CONSERVATIONISTS at Chester Zoo have welcomed a special new arrival – a critically endangered tiger, named Dash.
The three-year-old big cat – a Sumatran tiger – has travelled to the zoo from Fota Wildlife Park in Ireland on an important mission to help to protect his species from extinction.
Dash has been identified as a genetically compatible mate for the zoo’s resident female, Kasarna, who was born at Chester in 2015.
Carnivore experts at the zoo hope that the pair will hit it off and together go on to play a part in a vital conservation breeding programme, which is battling to help save the highly threatened species.
Mike Jordan, director of animals and plants at Chester Zoo, said: “Dash is a handsome, confident young tiger and he’s quickly settled into his new surroundings.
“He’s been carefully matched with female tiger Kasarna, based on his age, character and his genetics, and we’re hopeful that they’ll soon strike up a close bond and, one day, go on to have cubs.
READ MORE: Chester Zoo to open until 9pm as special evening access tickets go on sale
“Sumatran tigers are exceptionally rare and, sadly, their wild population continues to feel enormous pressure from mass-scale habitat loss, poaching and human-tiger conflict. Their prospect of survival is hanging by a thread and the endangered species breeding programme, run by Europe’s leading conservation zoos, is a vitally important part of the international effort to ensure these magnificent animals are here for generations to come. Every single cub could be critical to its future.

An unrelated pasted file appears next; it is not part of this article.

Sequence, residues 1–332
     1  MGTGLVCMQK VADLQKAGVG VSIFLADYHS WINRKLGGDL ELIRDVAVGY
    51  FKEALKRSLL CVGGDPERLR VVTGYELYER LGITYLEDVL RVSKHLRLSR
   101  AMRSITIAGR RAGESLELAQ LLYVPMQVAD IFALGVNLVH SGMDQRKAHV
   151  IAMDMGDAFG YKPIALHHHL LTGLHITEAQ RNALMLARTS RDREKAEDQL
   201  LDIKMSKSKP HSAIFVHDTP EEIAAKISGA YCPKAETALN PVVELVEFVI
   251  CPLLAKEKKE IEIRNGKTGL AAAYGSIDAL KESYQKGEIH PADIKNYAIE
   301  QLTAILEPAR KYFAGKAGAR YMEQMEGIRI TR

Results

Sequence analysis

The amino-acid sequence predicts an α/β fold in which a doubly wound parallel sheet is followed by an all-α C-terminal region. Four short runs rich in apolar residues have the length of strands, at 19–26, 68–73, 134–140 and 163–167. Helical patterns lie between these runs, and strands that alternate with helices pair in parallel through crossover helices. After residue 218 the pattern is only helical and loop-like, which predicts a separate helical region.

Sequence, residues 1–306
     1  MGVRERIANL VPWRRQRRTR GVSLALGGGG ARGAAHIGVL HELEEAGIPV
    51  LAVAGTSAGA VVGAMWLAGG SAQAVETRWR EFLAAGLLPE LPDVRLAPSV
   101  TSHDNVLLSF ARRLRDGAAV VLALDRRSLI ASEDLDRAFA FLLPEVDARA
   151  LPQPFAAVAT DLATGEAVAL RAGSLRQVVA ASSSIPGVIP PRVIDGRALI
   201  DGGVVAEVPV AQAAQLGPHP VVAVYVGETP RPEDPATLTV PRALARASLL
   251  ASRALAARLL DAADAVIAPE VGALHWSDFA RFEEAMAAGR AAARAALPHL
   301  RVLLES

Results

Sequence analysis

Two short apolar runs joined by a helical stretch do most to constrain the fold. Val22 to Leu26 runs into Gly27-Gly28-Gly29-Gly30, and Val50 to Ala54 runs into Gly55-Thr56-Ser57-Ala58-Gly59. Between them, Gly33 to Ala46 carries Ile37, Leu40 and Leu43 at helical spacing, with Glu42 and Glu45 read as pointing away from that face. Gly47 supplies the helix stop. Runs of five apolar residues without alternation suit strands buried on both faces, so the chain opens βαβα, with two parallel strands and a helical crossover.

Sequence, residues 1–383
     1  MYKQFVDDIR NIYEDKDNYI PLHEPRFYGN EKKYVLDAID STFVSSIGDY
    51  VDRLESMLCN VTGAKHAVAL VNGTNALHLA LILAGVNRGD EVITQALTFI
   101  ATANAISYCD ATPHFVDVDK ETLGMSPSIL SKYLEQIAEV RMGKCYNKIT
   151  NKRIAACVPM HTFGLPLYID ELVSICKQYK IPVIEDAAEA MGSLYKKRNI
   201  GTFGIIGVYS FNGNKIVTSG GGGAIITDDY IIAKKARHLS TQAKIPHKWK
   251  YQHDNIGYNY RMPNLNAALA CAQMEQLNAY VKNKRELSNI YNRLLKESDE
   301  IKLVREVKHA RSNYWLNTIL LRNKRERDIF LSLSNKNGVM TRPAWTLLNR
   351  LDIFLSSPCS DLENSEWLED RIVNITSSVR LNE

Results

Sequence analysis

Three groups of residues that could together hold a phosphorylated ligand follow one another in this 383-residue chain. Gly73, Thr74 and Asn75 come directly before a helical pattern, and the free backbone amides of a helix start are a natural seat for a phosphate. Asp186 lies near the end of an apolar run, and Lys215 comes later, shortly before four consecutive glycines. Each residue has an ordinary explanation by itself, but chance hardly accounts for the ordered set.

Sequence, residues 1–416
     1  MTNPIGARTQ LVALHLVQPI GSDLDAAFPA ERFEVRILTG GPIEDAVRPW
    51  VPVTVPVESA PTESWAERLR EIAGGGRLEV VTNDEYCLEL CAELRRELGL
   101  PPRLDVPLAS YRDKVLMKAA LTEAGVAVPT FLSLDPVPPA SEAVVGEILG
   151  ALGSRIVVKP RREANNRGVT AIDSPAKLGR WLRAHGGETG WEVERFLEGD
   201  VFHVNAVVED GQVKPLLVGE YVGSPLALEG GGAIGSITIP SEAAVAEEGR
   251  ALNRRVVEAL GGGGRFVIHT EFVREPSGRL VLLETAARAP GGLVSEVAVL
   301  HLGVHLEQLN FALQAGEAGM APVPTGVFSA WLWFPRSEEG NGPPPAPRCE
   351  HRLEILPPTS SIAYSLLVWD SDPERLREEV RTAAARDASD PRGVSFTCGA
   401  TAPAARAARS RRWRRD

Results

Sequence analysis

“Without conservation efforts like these, the future for the Sumatran tiger may soon look similar to that of Javan, Caspian and Balinese tigers, which heartbreakingly are all now extinct. We have it in our power not to let that happen and we’re going to do everything we can to ensure it doesn’t.”
READ MORE: Three-legged tortoise rescued from smugglers rehomed at Chester Zoo
The Sumatran tiger is listed as critically endangered by the Internal Union for the Conservation of Nature (IUCN) with just 400 estimated to remain. In the wild it’s found only on the island of Sumatra in Indonesia where as little as 7% of its original habitat now remains.
In addition to its efforts to preserve Sumatran tigers through its conservation breeding work in Chester, the charity zoo is also fighting to control illegal poaching and mitigate human-tiger conflict in India and Nepal to improve the outlook for the Bengal tiger.
Sumatran tiger facts:
- Sumatran tigers have webbed paws, which make them excellent swimmers
- They have white spots on their ears which act as false eyes and make them appear alert from behind
- The Sumatran tiger’s stripes are closer together than other tigers
- Tigers usually hunt at night, around once a week
- Tigers are the largest of the big cats, and the largest carnivorous land mammal on Earth. The Sumatran tiger is the smallest of all subspecies of tiger
- Six subspecies of tiger remain with three having already gone extinct